The plant is lush green with smooth rounded-edges and pointed-tip leaves. The leaves resemble peppermint leaves, as the two plants are closely related.

Sweet basil is the most common form of garden basil and can be found dried in the spice aisle, fresh in the produce aisle, or still in the dirt of many gardeners fortunate enough to cultivate it.

A Sweet Basil History

Sweet basil is originally from India and is also native to tropical regions of Asia, where it has been grown for more than 5,000 years.

The name is derived from the Greek word basilikohn which means “royal” – a fitting considering how prized this herb was in many cultures.

In Egypt, Greece, and India it was placed with the deceased to ensure a speedy travel to the afterlife. In India it is seen as a symbol of hospitality and is used prominently in Ayurvedic medicine. 

On the flip side, some cultures considered the fragrant herb an evil plant, with one historic French physician believing that smelling too much of the herb would cause scorpions to breed in the brain.

(Don’t worry, that won’t happen).

Health Benefits of Sweet Basil

Sweet basil, like most herbs, is loaded with health benefits. In addition to being a rich source of vitamin K, beta carotene, and iron, the plant is known to harness anti-bacterial, anti-inflammatory, and antioxidant properties.

The majority of the great benefits of basil can be attributed to its volatile oils and flavonoids – powerful, plant-based antioxidants that reduce inflammation, help fight aging, and promote healthy arteries

In basil essential oil, the volatile oils within the plant have been shown to have incredible antibacterial properties.

Studies have confirmed the ability of these oils to restrict the growth of bacterial like,

  • Listeria monocytogenes

  • Staphylococcus aureus

  • Escherichia coli (E-coli),

…among others.

A study published in a 2004 issue of Food Microbiology demonstrated that basil oils can even stop the growth of antibiotic-resistant bacteria.

Scientists searching for natural, toxin-free food preservatives discovered that washing produce in a solution of as little as 1% basil essential oil decreased Shigella contamination below levels at which it could be detected.

They’ve suggested that including basil in your salad could provide similar safeguards.

Two flavonoids within sweet basil have shown particular promise in fighting cell damage from radiation and free radicals. Orientin and vicenin are antioxidants that work to protect the cells.

But the benefits of sweet basil don’t stop there. Basil also:

  • Improves circulation

  • Increases immune function

  • Reduces inflammation

  • Reduces the oxidation of cholesterol

  • Protects the heart

  • Detoxifies the blood

  • May help control blood sugar levels

In herbal medicine, basil can be taken for:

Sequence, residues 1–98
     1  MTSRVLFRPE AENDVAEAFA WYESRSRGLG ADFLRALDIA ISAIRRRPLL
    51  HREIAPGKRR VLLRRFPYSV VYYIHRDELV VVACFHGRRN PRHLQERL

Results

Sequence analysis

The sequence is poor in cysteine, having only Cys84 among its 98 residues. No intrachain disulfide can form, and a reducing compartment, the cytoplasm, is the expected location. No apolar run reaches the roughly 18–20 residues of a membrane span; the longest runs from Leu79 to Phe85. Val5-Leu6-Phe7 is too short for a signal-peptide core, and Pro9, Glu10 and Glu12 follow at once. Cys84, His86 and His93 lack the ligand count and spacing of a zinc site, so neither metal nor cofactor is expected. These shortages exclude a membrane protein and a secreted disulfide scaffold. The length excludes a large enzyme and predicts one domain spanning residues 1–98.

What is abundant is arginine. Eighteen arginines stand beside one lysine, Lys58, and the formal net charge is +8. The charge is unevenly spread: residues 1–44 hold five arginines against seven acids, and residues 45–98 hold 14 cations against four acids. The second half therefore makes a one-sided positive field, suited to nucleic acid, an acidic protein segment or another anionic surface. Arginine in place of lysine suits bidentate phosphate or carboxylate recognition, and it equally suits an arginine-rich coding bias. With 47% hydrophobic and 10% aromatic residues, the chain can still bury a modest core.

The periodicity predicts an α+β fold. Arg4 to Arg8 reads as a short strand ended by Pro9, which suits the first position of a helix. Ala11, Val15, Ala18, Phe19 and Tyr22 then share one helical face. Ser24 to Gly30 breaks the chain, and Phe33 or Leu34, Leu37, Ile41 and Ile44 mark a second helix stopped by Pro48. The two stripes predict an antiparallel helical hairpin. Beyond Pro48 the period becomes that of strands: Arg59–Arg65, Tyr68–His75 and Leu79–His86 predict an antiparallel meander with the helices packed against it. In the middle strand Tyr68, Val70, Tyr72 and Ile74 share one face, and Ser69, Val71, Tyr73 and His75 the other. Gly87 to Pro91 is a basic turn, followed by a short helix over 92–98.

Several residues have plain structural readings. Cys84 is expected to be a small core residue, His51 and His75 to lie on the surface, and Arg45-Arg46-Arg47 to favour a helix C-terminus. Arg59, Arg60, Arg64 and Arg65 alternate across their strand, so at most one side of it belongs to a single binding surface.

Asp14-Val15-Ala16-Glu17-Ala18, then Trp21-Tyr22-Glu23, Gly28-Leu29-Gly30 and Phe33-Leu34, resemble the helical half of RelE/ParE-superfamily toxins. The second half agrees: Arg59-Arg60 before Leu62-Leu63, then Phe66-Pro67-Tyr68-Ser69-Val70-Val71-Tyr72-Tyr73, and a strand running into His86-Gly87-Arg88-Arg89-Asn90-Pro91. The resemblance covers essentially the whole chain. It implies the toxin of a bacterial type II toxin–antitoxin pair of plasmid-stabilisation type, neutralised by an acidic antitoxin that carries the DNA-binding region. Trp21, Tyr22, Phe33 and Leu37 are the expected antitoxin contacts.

• Stomach cramps

  • Nausea

  • Fever

  • Headaches

  • Uterine cramping

  • Coughs

  • A wide variety of digestive problems

Growing Sweet Basil

Basil is a little more finicky than other plants in your herb garden, like thyme and mint. It prefers warm weather, so you won’t want to plant it until after the last frost of the season. The plan also does well both in the ground or in pots.

There are several varieties. While some can grow to be as tall as 6 feet, most gardeners find their sweet basil to rest under 3 feet – if that. If you want to ensure a smaller basil plant, simply keep it in a pot, which will restrict root growth.

Sweet basil can be started from seed (you don’t need to buy a small plant from the garden center).

Place your seeds about ¼ inch deep in the ground and about 10-12 inches apart from each separate planting. Make sure the spot you have chosen will get full sun as basil wants it bright and warm. Also, keep it well hydrated with adequate amounts of water.

In order to encourage a healthy plant with a lot of foliage, develop a habit to pinch off the tops of the growing stalks; this will encourage new growth and will also prevent flowering (known as “going to seed” in the gardening world). If your basil develops flowers, the flavor will lose some potency, so preventing flowers is a good idea.

However, if you do get flowers those are edible too!

Using Sweet Basil

The easiest way to use basil is to eat it. It’s delicious and has a sort of spicy-sweet licorice flavor.

It tastes amazing in salads and especially with a sun-ripened tomato. While sweet basil is most often included in cooked meals, you’ll get the most benefits when you eat it raw, though combining it with other foods won’t lessen its impact.

You can also add basil to a salad vinaigrette. Simply combine it with extra virgin olive oil, a bit of garlic, and some apple cider vinegar for a healing combination that can be splashed on salads or used on bread.

Finally, a basil infusion is a great elixir when you need the medicinal qualities to soothe a cough or treat cramping. Simply pour boiled water over a handful of fresh basil leaves and allow to steep for at least five minutes before straining and drinking.

To extend your fresh basil as long as possible without having to dry it (and lose some of the flavor) try freezing it. For cooking or use on salads, puree the basil in a food processor and add just enough extra virgin olive oil to make a paste. Press it flat and wrap in freezer paper or a plastic freezer bag if you must. Then, when you need it you can simply break off a chunk to use anytime of year.

Growing your own basil for medicine is a way to take your health and gardening skills in your own hands and to the next level.

Both as a preventative measure and a natural remedy for illness, sweet basil is an excellent addition to any budding herbalist’s collection.

Sources

Source: The Wonders of Basil – Health’ Super Benefits